Hanafi’s focus on governance rather than sovereignty raised our interest as it implied a horizontal distribution of power within the refugee camp and thus challenged vertical, state-central thinking that has dominated “security” discourse. This brought our discussion to the parallels between Castell’s theory of the network society and Hanafi’s governmentality approach: in both their works, Castells and Hanafi investigate power and its dissemination, particularly in a non-vertical manner. Indeed, Hanafi examines power ‘from below,’ accounting for various stakeholders in governance of refugee camps, such as humanitarian organizations (UNRWA), popular committees, Islamist groups, local elites, and host countries. This complexity of power relations made us think about the difficulties researchers encounter when navigating between multiple actors in a field of power. In specific, how do they remain “objective”? Considering the vulnerable position of the refugees and Hanafi’s attachment to the community as a former camp dweller, his relationship to his public seemed particularly complex to our class, and we wondered what advantages or disadvantages his position granted him.

Hanafi’s investigation of the role of space – especially his concept of ‘spaces of exception’ in which refugees become ‘bare life’ deprived of political rights – stimulated us to further discuss the relationship of Hanafi and his public(s). Most of us agreed that Hanafi’s qualitative research empowers research participants to become autonomous agents capable of expressing their opinion. Considering the extreme vulnerability of the camp dwellers, we talked about the fascinating idea of ‘global sociology ethics.’ What underlined our discussion was the concern whether Hanafi’s public sociology involves reciprocity and goes beyond ‘making the invisible visible’.

Discussing the professional and policy dimensions of Hanafi’s work, we also considered the feasibility of the participatory governing model in relation to the political context. While citizens in Porto Alegre have certain rights or privileges pertaining to citizenship, Palestinian refugees, being stateless, are essentially deprived of these rights. This made us question the validity of a theoretical model deriving from a Brazilian context. Even leaving theoretical questions aside, we still wondered whether the utopian model has impacted policy in the first place.

Johannesburg (May 5, 2012):

What we enjoyed the most about Sari Hanafi’s talk was his emphasis on the importance of one’s methodological approach to public sociology. His ethnographic approach highlights the need to gain legitimacy amongst ones local public/s for the creation of reflexive knowledge. This links to what Ramon Flecha and Marta Soler spoke about in terms of critical communication and triangulation. While Nandani Sundar spoke on behalf of communities embroiled in the politics of insurgency, she spoke for people who did not know or recognise her when she spent time in their community. On the other hand, Sari Hanafi’s approach is to bring his academic knowledge back to the local in order to integrate alternative local forms of knowledge. Thus his theoretical ideas resonate with local understandings of their space.

A mutually constituting relationship is formed between Hanafi’s intellectual work involving his relationship with the public space and the inspiration he draws from the public space for his intellectual work. By immersing himself and his time in the places and spaces where he does his research, Hanafi draws internal sustenance for his intellectual endeavours. His sense of outrage with the governing of the Palestinian refugee camps resounds in his work questioning the alienating way people live in a neighbourhood of plenty.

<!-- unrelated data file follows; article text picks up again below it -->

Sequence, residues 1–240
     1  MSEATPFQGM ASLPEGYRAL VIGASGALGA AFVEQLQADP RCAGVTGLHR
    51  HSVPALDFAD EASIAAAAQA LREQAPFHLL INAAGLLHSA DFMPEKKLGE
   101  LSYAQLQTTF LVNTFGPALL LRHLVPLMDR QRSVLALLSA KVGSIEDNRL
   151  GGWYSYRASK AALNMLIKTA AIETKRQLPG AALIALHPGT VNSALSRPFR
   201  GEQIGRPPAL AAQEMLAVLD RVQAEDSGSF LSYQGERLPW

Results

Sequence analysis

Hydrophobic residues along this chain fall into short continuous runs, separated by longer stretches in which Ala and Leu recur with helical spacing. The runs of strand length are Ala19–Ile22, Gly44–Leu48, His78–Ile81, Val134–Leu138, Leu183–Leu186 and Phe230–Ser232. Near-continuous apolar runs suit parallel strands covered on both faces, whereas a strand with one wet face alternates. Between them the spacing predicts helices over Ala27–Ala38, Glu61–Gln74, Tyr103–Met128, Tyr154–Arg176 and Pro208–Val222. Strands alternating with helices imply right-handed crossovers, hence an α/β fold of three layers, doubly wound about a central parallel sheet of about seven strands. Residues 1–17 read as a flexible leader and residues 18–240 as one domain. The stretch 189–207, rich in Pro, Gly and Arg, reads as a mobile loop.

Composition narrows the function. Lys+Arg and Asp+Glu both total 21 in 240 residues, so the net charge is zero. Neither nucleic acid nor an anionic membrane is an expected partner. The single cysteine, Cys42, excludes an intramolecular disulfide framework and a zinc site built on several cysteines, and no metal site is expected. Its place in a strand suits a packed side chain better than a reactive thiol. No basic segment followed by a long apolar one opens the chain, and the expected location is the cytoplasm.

We were surprised by how such a politicised space compartmentalised the different forms of sociology, particularly the professional and public forms of sociology. The idea of ‘publishing globally, perishing locally’ links to larger theoretical point about the fact that empirical work does not lend itself to generalisations. A deeper point is made about local publics in relation to the pressure of neoliberal academia. While it is easier to publish locally and the pressure is on one to publish in volume, one also wants international publications. And while subaltern studies often transcend the local, what does publishing globally mean for public sociology trying to avoid perishing locally? Does one sacrifice the global for a local public form of sociology? We considered that in the Arab world the ‘West’ is often considered the ‘international/global’ world and therefore the tension is even more acute.

Hanafi’s emphasis on language and the difficulty of translating journal articles to a level that makes sense to a local public is also significant. Globally, English and French dominate the academic sphere. In South Africa this problem is less of an issue because English is widely spoken, but we wondered how public sociologists in countries such as China deal with this challenge.

Overall we were still not sure, as was asked by Andrew from Berkeley, how Hanafi’s public sociology looks. However we appreciate it probably is public sociology and we like the reflexive nature of his work.

Oslo (March 29, 2012):

Hanafi on Palestine
Listening to Hanafi this week led us to a discussion of the conflict in Palestine and about suicide bombing, and what sociological concepts we can use to best understand the situation Palestinians are currently living under. Many of us experienced his concept of Spaciocide as being a very real and applicable concept, which describes the situation in Palestine well. We discussed the situation of Palestinians on the border, and what responsibilities the Arab states have to protect and provide for Palestinian refugees. One in the group mentioned that this is a new and important perspective in a conflict which is often presented as consisting of the Israelis and the Palestinians. Here in Oslo we are very much looking forward to Hanafi’s visit, he is opening the Middle-East conference hosted by the Norwegian Sociological Association in May.